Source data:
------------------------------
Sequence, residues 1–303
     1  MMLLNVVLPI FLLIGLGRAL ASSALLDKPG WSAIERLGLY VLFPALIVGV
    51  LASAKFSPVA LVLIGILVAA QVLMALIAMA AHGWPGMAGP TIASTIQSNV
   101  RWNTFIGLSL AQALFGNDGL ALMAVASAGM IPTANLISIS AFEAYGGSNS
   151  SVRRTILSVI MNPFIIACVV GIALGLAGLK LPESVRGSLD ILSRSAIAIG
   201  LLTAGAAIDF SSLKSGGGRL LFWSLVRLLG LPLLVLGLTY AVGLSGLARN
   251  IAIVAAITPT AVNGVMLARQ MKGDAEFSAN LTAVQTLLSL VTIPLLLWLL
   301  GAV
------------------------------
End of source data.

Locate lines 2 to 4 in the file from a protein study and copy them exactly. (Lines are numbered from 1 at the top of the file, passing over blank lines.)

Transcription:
     1  MMLLNVVLPI FLLIGLGRAL ASSALLDKPG WSAIERLGLY VLFPALIVGV
    51  LASAKFSPVA LVLIGILVAA QVLMALIAMA AHGWPGMAGP TIASTIQSNV
   101  RWNTFIGLSL AQALFGNDGL ALMAVASAGM IPTANLISIS AFEAYGGSNS